Saltwater Fishing Rods
We're going to cover Baitcast Rods and Spinning Rods first and then talk about Fly Rods.
If you're buying your first Baitcast or Spinning Saltwater Fishing Rod, my recommendation is that you go to an Academy or another local fishing store and spend $50 - $100 on a Medium-Action, 7 ft. long rod. This will get you a good rod, not break the bank, and work well in most situations.
Popular Rod Brands and Thoughts on Selection
Walk into most fishing stores in Texas and you'll find a half dozen or more different brands of Saltwater Fishing Rods. Some of these companies specialize in rods: All-Star, American Rodsmiths, Castaway, Laguna, Waterloo, and Woodee. And some fishing tackle companies and stores have added rods to their offerings: Fishing Tackle Unlimited, Texas Tackle Factory, and Texas Slam Rods by Academy.
As far as brand and selection, my advice is to pick them up, look at them, give them a good shake, and decide. They all have slightly different actions – and by that I mean how stiff they are and how they are tapered and balanced. Pick one that feels good and go with it.
It's also a good idea when selecting a Saltwater Fishing Rod to bring your reel with you and attach it to the rod to see how it feels. In my opinion, and I'll admit I'm not a rod expert, you can't go wrong with this advice.
Now if you've had one of the above mentioned rods for a while and are looking to upgrade, here's what you'll be getting for the extra money you'll be spending. The higher end Saltwater Fishing Rods have prettier finishes and will be lighter overall. They'll be just as strong, but the lighter weight will reduce fatigue and increase sensitivity. For this you'll spend up to $400. It's a matter of money and preference.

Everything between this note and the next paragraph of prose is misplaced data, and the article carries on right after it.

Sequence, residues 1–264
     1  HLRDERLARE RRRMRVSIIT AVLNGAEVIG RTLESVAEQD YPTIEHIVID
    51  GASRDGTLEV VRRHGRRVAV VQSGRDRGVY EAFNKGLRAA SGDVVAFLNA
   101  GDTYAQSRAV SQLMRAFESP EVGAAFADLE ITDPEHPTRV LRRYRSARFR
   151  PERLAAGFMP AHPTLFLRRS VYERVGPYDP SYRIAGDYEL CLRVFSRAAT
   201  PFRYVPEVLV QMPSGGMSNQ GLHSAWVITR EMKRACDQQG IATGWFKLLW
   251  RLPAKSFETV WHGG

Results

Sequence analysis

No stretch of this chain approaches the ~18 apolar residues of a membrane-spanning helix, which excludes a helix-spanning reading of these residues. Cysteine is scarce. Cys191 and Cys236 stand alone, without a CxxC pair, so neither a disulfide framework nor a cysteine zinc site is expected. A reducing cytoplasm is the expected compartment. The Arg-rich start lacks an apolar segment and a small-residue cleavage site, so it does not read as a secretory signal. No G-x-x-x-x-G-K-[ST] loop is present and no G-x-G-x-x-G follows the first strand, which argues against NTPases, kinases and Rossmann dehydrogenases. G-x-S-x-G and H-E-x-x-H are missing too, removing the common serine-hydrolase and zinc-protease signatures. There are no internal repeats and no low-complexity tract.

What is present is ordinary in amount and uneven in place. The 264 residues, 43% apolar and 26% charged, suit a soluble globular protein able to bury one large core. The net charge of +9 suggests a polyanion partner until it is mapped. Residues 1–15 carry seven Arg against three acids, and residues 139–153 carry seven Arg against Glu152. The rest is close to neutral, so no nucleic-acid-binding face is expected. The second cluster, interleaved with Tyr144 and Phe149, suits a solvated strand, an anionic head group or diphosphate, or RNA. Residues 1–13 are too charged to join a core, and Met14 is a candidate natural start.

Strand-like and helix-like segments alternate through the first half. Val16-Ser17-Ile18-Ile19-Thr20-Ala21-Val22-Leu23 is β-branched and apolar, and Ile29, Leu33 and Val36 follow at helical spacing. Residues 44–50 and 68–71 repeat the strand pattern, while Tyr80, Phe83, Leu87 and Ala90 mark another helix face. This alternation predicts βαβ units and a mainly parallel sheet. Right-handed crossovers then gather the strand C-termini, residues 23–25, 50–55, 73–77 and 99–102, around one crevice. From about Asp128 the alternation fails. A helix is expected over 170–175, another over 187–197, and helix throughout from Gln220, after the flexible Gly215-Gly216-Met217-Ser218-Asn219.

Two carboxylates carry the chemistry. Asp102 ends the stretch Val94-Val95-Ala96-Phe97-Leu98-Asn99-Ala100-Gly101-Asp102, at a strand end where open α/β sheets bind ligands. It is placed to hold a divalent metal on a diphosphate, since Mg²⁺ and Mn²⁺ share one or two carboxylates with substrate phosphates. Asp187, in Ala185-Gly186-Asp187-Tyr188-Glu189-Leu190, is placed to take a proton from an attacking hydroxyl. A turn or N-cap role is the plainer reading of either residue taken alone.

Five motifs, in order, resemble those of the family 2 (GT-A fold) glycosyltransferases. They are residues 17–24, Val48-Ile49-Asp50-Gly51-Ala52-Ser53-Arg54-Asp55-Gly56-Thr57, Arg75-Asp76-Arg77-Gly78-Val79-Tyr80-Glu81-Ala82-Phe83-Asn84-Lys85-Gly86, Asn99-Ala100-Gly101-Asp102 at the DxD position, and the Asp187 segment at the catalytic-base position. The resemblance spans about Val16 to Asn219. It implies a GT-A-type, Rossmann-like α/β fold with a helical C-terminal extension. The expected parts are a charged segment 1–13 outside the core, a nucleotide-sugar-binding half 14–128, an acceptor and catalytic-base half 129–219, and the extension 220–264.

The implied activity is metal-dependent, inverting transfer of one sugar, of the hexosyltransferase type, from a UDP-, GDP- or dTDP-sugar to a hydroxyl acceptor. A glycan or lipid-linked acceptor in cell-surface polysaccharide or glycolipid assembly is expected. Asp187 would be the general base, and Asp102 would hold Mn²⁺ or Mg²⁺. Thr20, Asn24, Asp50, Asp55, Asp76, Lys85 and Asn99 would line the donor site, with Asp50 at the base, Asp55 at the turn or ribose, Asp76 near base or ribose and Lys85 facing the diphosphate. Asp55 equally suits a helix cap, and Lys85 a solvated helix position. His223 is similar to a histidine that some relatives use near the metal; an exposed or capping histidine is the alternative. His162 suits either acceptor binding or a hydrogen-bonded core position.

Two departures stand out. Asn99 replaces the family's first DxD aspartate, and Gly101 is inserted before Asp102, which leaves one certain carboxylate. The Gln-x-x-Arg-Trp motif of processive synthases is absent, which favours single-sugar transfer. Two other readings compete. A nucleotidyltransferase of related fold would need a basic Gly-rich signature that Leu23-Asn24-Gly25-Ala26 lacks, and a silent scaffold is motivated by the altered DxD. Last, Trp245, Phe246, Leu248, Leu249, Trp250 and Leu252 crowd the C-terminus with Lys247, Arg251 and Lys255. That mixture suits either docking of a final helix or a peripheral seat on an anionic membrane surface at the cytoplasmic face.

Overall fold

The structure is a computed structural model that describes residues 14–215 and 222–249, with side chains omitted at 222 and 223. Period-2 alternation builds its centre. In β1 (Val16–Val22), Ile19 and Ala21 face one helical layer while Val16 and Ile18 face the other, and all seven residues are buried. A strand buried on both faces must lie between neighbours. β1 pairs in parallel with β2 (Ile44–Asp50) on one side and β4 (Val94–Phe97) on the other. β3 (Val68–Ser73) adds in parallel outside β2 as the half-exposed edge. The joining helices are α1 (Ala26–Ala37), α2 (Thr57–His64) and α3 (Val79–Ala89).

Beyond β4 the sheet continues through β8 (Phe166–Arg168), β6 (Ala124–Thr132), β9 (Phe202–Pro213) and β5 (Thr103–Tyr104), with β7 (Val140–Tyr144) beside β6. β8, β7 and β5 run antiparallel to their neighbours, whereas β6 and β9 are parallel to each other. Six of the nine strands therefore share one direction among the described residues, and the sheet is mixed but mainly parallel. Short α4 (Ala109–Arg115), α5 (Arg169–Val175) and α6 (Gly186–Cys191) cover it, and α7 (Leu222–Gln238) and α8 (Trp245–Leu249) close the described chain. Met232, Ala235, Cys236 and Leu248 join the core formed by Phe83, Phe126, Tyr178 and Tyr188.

My take is that a $50 - $100 rod will take care of you in most situations, and a higher end $200 rod will be lighter and more sensitive but isn't necessary for most especially if you're just getting started.
When you pick up Saltwater Fishing Rods and look above the handle you'll see a list of specs. You'll see an Action Listing, Line Recommendation, Length, and Lure Weight Rating. These specs will give you a good idea of how stiff the rod will be, what type of lure you'll be able to throw with it, and the type of fish it will fight successfully.
Common Action ratings for saltwater fishing rods will be Medium-Light, Medium, and Medium-Heavy. The Medium Action rods are in the middle and will do most things well when targeting redfish, trout, and flounder along the Texas Gulf Coast. They are a good place to start. The line pound-test recommendations will give you an idea of the type of fishing you should be doing and the size of the fish it will fight well.
Quick Word about "Action" vs. "Power"
For this explanation, I'm using the term "Action" as it relates to the power of the fishing rod. On a lot of rods, it even says "Action" when it comes to the Medium-Light, Medium, and Medium-Heavy that I mentioned above. If you want to be specific, this is truly a Power rating more than an Action rating.
The "Action" of salwater fishing rods is better described as where the initial flex takes place. The faster action rods will initially flex towards the tip, and the medium or moderate action rods will flex in the middle, and slower action rods will initially flex towards the butt.
I recommend picking up the rods and giving them a shake so you can feel this action and see where the rod flexes. (Thanks for this explanation and reminder of the difference in Action and Power go to one of our readers, Jerry P. We really do pay attention to the feedback of our readers!)
More Thoughts on Selection
For example, the Medium Action listing for line weight is usually 10-20 lb. These types of salwater fishing rods will work well catching reds, trout, and flounder. Get into the open ocean or beachfront, however, and you might find yourself over matched if you try to wrestle a 20 pound bull red, jack crevalle, kingfish, or tripletail. Now I'm not saying it won't be fun to try, but you might just break your rod – and have a great story!